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Where Did They Go . . . And Why?

TV Scene

The fourth season of “Game of Thrones” is over, but HBO is already filling that Sunday-night void with a new show called “The Leftovers.”
Based on the novel by Tom Perrotta, this series focuses on the residents of Mapleton, NY, after 2 percent of the world’s population suddenly vanishes without a trace. The first few minutes of the pilot are heartwrenching. A woman puts her crying baby in a car seat and looks away for a moment — when she turns back around, the infant is gone. Screams of panic echo through the streets as a boy looks for his father and cars crash into each other.

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Taking to the Stage, the TV Stage

TV Scene

Emily Soell may have spent her working life in advertising, but at 70-something she is spending a fair amount of time as an actor. Check out HBO’s latest entry into fantasyland and you will catch Soell in the first two episodes of “The Leftovers,” a tale about the disappearance of a lot of people in some kind of rapture and how the people left on earth, the leftovers, Soell’s character among them, take it.

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A gripping mystery, seen from both sides of the Atlantic

The TV Scene

It should come as no surprise to hear that a British television show is being remade for a U.S. audience. Remember “The Office”? The British version featured co-creator Ricky Gervais as the manager of a branch at a paper company, while the U.S. version gave that role to Steve Carell. Imagine how different the American show would have been if Gervais filled those shoes again.
That’s what’s happening with “Gracepoint,” the U.S. remake of the British crime drama, “Broadchurch.” David Tennant stars in both shows as a detective investigating the death of a young boy in a quiet seaside town.

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They Are Super . . . And They Have Moved Over to TV

The TV Scene
darrylg@lakevillejournal.com

Countless live action movies starring comic book characters have appeared in theaters worldwide. Between Spider-Man, the X-Men, the Avengers, the Guardians of the Galaxy, Superman and Batman, superheroes are dominating the silver screen — and now comic publishers are hoping to take over your television.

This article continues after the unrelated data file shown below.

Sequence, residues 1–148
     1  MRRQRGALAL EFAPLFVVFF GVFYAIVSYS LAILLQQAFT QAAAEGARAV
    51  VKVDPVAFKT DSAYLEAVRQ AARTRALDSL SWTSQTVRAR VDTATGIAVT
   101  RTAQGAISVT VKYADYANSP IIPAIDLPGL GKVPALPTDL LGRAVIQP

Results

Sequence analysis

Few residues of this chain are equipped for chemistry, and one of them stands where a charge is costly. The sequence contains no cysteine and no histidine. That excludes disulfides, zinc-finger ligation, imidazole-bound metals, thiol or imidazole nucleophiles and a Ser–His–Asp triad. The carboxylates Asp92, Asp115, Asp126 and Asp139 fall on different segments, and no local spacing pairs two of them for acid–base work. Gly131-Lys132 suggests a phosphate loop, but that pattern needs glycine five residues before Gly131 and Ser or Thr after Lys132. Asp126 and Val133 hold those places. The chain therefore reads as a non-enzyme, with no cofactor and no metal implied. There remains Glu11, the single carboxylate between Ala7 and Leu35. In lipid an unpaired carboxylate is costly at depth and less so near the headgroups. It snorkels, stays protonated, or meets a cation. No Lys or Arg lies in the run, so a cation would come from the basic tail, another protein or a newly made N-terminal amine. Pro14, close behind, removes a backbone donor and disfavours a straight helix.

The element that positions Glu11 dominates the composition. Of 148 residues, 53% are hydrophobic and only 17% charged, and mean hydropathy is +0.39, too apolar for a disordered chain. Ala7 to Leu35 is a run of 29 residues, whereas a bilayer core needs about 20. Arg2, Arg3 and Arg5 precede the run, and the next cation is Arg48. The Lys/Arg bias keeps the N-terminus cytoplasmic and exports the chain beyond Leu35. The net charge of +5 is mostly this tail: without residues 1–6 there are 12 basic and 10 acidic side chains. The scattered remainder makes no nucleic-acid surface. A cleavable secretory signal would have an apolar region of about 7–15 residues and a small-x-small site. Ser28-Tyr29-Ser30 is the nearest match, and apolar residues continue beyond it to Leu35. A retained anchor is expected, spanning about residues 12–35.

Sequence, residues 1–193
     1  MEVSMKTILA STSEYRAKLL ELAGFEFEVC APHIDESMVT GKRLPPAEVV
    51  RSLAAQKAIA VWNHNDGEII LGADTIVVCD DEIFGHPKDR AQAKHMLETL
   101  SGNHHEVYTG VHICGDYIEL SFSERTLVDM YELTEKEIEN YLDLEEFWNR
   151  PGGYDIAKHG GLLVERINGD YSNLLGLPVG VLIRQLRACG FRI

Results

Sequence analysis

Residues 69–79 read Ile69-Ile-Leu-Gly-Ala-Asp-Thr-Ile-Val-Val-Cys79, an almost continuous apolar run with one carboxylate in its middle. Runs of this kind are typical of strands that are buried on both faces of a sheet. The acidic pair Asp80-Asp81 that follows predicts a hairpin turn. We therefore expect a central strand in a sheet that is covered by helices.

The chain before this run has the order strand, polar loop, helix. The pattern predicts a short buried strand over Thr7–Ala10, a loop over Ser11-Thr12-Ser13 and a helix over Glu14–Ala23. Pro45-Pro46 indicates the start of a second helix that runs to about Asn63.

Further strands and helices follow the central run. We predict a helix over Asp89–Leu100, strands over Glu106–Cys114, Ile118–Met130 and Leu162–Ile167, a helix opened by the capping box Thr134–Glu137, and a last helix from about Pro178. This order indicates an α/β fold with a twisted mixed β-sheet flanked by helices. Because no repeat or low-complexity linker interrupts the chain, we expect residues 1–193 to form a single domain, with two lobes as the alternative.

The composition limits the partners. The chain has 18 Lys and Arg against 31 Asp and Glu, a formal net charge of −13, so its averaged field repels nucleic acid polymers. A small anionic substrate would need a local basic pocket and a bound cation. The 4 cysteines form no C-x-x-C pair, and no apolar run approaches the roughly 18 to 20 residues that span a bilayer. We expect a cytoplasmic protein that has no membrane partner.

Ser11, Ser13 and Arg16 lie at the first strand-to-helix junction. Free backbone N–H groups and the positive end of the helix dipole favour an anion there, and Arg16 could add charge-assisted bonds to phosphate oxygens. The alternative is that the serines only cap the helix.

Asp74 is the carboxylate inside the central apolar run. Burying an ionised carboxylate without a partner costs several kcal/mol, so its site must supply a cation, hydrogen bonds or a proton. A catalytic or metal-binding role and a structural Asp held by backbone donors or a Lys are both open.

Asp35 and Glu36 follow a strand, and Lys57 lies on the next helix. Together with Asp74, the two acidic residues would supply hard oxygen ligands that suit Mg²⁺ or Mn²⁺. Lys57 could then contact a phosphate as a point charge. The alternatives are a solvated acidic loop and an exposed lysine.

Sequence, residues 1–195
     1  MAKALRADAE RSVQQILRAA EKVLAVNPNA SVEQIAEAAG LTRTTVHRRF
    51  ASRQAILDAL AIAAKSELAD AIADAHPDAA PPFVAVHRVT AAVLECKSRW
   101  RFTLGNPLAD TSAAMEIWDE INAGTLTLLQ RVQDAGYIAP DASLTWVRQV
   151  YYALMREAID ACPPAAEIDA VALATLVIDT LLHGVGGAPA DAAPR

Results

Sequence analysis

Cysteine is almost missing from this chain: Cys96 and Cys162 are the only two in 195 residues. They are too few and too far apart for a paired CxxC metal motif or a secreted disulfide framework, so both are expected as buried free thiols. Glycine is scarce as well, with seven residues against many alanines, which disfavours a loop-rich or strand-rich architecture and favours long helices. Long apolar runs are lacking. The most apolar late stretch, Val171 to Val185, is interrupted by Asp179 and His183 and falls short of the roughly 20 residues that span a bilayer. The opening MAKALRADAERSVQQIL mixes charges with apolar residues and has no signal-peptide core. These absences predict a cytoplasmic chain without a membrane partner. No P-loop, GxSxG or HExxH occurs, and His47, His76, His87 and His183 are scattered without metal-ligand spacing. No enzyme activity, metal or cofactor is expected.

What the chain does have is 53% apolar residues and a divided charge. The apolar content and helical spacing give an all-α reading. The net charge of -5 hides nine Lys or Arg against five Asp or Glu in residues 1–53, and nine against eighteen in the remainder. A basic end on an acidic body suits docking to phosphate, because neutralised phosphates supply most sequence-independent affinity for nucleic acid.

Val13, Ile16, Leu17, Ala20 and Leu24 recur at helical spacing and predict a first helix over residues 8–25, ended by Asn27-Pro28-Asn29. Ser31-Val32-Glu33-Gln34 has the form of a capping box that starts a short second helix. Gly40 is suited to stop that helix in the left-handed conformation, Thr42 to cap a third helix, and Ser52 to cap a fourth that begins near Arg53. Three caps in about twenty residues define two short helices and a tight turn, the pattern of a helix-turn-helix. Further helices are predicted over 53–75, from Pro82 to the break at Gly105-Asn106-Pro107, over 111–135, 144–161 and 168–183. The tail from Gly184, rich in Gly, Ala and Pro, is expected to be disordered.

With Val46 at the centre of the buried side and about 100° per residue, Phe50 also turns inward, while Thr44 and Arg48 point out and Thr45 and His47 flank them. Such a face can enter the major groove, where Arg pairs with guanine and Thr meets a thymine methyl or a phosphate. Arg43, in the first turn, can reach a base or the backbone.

Let’s start with Marvel, the publisher that kicked off an impressive cinematic universe with the first “Iron Man” film in 2008, which led to Captain America, Thor and other heroes joining him to form “The Avengers” in 2012.

Clones, an Assassin, And, Yes, Conspiracy

The TV Scene

Imagine you’re at a train station and you see someone who looks exactly like you commit suicide by jumping in front of the oncoming train. What would you do? Go to Ancestry.com and start tracing your family tree?
Con artist Sarah Manning decides to impersonate her dead doppelganger in an attempt to drain her bank account, and quickly realizes she’s stolen the identity of a cop. That event kicks off “Orphan Black,” a conspiracy-filled television series that just entered its second season on BBC America.

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In the Mood for Laughs, And Getting Them

TV Scene: ‘Silicon Valley’

As a “Game of Thrones” fan, I was glued to my television on Sunday for the première of the fourth season. It was superb, as I expected.
Immediately following that dramatic episode, a new comedy debuted on HBO titled, “Silicon Valley.” I was in the mood for a laugh after all of the “Game of Thrones” murder and mayhem, so I decided to give it a shot. I’m glad I did, because it’s a hilarious look at the technology-centric culture of northern California.

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John Lennon, Revealed And Remembered An Remembered

I come from a generation comfortably acquainted with the “Give Peace a Chance” era of John Lennon, a perennial figure in any college dorm. For this reason, it came as a shock to watch the international beacon of peace curse his mother and ditch school regularly as a youth. Yet both these images surface in director Sam Taylor-Wood’s 2009 biopic “Nowhere Boy,” which chronicles the formative years of the young and troubled John Lennon.

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McConaughey Meets Midas, And Oscar, Too

TV Scene

Matthew McConaughey won the best actor Oscar on Sunday for his work in “Dallas Buyers Club,” proving that we are all living in the McConaissance. History books will tell of the age in which everything McConaughey touched turned to gold, including “Mud,” “Magic Mike,” “The Wolf of Wall Street” and “True Detective.”

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For Children From Memories

People: Lane Smith

Amusement parks have a special place for illustrator Lane Smith. While he studied at Art Center College of Design in Pasadena, CA, he paid his bills by working as a janitor at Disneyland. Each day after class, he put on the white suit and took his pan and broom and shot the breeze with the balloon vendor until the park closed. He swept the Haunted Mansion, dodging motion-activated spooks as he reached for soda bottles that had rolled beyond his reach. Smith thinks that the nights he spent alone in the park played a role in the formation of his otherworldly aesthetic.

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The 25 Days of Ho Ho Ho

The (Holiday) TV Scene

The holidays are just around the corner, which means festive films will soon be played at my house on a continuous loop. Frosty, Rudolph and their pals can probably be found on every channel from now until New Year’s Day, but my wife and I are usually drawn toward ABC Family’s 25 Days of Christmas, which starts on Dec. 1 and runs through Dec. 25.

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